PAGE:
7/11 ‘Jeremy Corbyn wishes Britain would abolish its Army’
False. Another gem from The Sun took comments made at a Hiroshima remembrance parade in August 2012 where Mr Corbyn supported Costa Rica’s move to abolish it armed forces. “Wouldn’t it be wonderful if every politician around the world…abolished the army and took pride in the fact that they don’t have an army,” he added. The caveat that “every politician” must take the step suggests Mr Corbyn does not support UK disarmament just yet.
8/11 Jeremy Corbyn stole sandwiches meant for veterans
False. The Guido Fawkes blog claimed that the Labour leader took sandwiches meant for veterans at at Battle of Britain memorial service in September but a photo later emerged showing him being handed one by Costa volunteers, who later confirmed they were given to all guests.
9/11 He missed the induction into the Queen’s privy council
True. After much speculation about Mr Corbyn’s republican views and willingness to bow to the monarch, his office confirmed that he did not attend the official induction to the privy council because of a prior engagement, but did not rule out joining the body.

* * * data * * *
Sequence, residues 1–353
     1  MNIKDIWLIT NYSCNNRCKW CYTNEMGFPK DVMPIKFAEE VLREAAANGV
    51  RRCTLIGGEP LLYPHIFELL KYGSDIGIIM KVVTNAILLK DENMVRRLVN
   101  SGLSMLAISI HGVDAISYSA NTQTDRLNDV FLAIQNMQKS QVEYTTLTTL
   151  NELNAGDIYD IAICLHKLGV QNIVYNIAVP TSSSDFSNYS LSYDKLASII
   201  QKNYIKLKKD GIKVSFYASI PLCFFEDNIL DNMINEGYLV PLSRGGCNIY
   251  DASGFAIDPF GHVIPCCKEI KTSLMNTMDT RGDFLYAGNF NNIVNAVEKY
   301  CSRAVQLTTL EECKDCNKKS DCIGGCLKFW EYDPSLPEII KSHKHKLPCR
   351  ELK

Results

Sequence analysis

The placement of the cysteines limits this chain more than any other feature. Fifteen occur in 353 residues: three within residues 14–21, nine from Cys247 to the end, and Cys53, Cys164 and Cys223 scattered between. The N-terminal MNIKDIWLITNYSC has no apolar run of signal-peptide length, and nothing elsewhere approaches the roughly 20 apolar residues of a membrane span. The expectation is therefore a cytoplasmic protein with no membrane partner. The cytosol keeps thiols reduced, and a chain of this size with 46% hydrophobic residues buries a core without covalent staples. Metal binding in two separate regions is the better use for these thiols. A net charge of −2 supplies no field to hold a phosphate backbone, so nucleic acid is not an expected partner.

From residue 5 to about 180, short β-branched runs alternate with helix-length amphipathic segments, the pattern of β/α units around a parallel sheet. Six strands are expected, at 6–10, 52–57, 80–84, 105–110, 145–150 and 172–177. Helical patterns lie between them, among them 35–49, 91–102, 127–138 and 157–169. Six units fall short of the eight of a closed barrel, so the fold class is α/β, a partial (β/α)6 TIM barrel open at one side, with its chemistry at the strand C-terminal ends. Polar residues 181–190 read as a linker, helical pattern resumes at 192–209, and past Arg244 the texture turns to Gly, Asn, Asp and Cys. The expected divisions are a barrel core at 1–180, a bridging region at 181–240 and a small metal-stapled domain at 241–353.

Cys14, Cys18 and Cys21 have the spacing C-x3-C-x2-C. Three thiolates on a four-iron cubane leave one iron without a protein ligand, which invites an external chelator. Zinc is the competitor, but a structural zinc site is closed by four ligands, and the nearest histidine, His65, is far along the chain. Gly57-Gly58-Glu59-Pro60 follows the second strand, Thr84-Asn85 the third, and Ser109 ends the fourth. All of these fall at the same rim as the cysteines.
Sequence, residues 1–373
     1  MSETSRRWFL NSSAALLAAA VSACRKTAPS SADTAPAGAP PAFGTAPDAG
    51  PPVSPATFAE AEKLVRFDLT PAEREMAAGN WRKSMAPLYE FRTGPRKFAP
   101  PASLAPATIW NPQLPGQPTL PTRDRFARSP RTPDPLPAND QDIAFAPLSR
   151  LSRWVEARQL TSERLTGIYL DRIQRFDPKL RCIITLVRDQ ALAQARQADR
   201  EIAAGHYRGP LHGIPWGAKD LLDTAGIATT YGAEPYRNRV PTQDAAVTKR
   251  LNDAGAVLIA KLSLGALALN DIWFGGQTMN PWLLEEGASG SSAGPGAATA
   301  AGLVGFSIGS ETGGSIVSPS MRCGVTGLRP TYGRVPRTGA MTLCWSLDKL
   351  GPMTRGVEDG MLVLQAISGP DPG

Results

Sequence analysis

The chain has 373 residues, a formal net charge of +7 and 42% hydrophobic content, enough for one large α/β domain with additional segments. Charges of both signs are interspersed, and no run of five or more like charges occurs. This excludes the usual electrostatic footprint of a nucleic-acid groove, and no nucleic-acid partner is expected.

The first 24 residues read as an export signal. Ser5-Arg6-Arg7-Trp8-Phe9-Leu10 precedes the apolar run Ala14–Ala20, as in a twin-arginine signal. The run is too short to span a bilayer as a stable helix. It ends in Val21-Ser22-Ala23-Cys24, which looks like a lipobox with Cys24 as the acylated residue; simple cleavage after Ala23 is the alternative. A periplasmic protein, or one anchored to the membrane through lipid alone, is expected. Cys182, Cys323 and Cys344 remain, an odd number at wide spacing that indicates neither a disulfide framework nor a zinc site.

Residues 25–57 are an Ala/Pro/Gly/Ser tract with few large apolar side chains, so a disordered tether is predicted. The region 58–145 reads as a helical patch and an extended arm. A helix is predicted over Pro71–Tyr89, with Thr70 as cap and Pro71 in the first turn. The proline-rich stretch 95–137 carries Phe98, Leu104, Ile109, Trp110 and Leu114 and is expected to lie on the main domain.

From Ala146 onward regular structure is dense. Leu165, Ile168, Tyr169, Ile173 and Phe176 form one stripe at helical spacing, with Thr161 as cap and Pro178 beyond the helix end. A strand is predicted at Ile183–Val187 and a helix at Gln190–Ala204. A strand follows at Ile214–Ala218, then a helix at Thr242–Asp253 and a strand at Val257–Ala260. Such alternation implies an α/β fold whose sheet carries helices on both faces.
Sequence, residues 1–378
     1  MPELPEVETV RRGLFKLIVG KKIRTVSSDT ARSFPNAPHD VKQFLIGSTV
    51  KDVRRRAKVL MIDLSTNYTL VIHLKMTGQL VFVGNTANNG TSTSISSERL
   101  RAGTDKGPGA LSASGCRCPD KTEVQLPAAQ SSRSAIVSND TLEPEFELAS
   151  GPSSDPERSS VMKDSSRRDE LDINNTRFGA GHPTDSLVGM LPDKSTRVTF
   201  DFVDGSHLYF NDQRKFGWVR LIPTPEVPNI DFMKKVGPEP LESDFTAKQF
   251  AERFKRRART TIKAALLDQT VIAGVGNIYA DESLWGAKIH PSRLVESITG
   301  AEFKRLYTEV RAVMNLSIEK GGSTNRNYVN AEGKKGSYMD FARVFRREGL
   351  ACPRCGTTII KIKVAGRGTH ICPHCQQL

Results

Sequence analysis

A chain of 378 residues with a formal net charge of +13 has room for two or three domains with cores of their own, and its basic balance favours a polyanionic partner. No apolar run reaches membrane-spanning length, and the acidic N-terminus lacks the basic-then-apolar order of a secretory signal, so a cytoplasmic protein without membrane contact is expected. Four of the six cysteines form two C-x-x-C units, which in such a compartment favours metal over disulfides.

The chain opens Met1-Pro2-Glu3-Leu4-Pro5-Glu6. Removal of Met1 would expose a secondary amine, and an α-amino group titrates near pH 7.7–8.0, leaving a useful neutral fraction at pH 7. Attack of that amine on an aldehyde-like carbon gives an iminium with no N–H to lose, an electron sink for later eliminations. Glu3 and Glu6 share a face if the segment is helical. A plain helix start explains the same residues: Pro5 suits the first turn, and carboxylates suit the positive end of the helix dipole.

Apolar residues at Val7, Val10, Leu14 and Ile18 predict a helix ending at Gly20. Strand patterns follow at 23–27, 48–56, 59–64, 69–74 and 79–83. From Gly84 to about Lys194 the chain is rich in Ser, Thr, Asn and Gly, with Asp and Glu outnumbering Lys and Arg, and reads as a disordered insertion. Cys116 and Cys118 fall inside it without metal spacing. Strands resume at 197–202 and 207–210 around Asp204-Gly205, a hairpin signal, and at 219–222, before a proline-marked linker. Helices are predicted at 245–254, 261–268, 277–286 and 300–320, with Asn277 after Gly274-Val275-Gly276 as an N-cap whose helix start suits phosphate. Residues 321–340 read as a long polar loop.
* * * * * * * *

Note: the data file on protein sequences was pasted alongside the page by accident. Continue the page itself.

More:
10/11 Jeremy Corbyn refuses to sing the national anthem.
Partly true. The Labour leader was filmed standing in silence as God Save the Queen was sung at a Battle of Britain remembrance service but will reportedly sing it in future. Mr Corbyn was elusive on the issue in an interview, saying he would show memorials “respect in the proper way”, but sources said he would sing the anthem at future occasions.
11/11 He is a member of the All-Party Parliamentary Group for Cheese
True. The group lists its purpose as the following: “To increase awareness of issues surrounding the dairy industry and focus on economic issues affecting the dairy industry and producers.”
In the first head-to-head poll ratings in September, Ipsos MORI found that voters saw Mr Corbyn as a lot more honest than Mr Cameron and the Labour leader was also seen as more in touch with "ordinary people".
But those were the only two categories where the new Labour leader beats his Tory rival, with just a third of respondents saying they viewed Mr Corbyn as a "capable leader," compared to six out of 10 for Mr Cameron.